Affects Version/s: None
Fix Version/s: None
Drill has long supported the OUT_OF_MEMORY iterator status. The idea is that an operator can realize it has encountered memory pressure and ask its downstream operator to free up some memory. However, an inspection of the code shows that the status is actually sent in only one place (UnorderedReceiverBatch), and then only in response to the operator hitting its allocator limit (which no other batch can do anything about.)
If an operator did choose to try to use this status, there are two key problems:
- The operator must be able to suspend itself at any point that it might need memory. For example, an operator that allocates a dozen vectors must be able to stop on, say, the 9th vector, then resume at that point on the subsequent call to next(). The complexity of the state machine needed to do this is very high.
- The downstream operators (who may not yet have seen rows) are the least likely to be able to release memory. It is the upstream operators (such as spillable operators) that might be able to spill some of the rows they are holding.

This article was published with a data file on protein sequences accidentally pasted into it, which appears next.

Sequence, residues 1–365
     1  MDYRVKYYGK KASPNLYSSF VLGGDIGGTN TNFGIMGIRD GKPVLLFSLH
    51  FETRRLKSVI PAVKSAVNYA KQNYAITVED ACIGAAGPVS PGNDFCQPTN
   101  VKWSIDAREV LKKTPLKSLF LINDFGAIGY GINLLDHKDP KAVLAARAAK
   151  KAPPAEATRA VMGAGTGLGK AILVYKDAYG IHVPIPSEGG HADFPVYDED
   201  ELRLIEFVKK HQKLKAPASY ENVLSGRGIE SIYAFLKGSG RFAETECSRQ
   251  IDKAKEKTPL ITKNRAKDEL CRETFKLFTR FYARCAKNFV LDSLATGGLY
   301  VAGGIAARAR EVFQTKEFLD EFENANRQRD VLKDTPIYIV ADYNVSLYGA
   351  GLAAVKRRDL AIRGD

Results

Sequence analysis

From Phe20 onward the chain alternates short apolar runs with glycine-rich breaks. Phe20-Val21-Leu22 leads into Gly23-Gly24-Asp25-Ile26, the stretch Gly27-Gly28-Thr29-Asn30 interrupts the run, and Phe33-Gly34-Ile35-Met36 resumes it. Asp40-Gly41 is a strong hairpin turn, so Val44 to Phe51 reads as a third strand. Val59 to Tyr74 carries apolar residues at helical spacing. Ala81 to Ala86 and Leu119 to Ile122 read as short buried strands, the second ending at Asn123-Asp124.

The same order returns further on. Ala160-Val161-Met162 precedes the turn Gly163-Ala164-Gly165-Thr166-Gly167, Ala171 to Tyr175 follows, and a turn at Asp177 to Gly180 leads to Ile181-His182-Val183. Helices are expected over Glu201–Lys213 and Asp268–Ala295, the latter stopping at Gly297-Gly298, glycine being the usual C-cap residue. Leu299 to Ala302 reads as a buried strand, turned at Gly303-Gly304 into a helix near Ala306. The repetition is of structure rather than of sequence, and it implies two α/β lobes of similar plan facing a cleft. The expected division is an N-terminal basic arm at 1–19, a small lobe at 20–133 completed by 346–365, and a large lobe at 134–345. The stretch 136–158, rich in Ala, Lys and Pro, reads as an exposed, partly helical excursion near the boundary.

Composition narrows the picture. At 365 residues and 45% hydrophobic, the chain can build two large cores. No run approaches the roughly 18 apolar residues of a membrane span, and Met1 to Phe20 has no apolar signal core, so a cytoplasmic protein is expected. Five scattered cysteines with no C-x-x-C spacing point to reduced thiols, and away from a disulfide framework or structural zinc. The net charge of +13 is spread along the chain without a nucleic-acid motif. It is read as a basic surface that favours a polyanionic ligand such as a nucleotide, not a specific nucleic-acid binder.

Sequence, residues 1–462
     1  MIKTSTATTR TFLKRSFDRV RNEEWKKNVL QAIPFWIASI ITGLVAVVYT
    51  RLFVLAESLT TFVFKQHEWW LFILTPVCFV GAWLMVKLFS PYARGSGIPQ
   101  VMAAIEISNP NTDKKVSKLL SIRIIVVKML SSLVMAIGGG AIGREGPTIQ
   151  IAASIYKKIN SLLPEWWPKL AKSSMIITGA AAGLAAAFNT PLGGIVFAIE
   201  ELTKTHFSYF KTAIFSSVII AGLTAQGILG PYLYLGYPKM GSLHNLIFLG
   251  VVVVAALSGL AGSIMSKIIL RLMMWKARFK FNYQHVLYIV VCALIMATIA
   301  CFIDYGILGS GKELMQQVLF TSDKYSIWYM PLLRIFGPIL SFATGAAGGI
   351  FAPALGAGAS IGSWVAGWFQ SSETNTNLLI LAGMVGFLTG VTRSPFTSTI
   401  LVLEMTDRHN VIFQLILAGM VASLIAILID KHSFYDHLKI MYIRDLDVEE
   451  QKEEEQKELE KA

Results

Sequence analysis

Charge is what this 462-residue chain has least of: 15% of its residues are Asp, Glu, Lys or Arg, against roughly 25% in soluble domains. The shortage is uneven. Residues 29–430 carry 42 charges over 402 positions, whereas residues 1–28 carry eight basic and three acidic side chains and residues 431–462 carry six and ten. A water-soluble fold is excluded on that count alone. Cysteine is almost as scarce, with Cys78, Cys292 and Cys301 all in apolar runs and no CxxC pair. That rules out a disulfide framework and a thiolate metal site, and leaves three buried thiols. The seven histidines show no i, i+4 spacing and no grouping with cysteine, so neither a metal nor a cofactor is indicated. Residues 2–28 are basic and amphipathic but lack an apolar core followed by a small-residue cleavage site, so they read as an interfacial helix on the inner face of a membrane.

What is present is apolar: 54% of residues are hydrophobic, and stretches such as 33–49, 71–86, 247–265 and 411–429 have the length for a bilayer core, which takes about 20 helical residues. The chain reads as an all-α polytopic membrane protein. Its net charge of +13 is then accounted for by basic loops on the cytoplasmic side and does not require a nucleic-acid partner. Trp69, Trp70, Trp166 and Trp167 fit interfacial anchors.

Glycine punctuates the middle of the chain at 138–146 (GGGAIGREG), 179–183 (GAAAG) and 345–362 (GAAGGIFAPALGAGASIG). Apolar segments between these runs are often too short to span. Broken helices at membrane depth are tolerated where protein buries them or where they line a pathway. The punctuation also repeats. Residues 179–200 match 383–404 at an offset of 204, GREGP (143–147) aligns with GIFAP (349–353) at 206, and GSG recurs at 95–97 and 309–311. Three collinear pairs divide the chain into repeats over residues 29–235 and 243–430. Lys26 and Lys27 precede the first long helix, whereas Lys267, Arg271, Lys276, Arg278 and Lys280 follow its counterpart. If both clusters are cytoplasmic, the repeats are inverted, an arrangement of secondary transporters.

Presto suggests a nice alternative:
- An operator which encounters memory pressure asks the fragment executor for more memory.
- The fragment executor asks all other operators in that fragment to release memory if possible.
This allows a very simple memory recovery strategy:
Note that, since the fragment runs on a single thread, the above is simple to implement. Each operator is either idle (not executing) or in a call to next() on a child operator. These are both stable times to consider invoking spilling. Further, a sender could use this opportunity to write partially-filled batches to the network and release them rather than waiting for more data.
The only thing that can't be handled is, say, having an interior node flush a batch to its downstream operator in the same batch.
Proposed are two changes:
- Retire the OUT_OF_MEMORY status. Simply remove all references to it since it is never sent.
- Create a stub requestMemory() method in the operator context that does nothing now, but could be expanded to perform the work suggested above.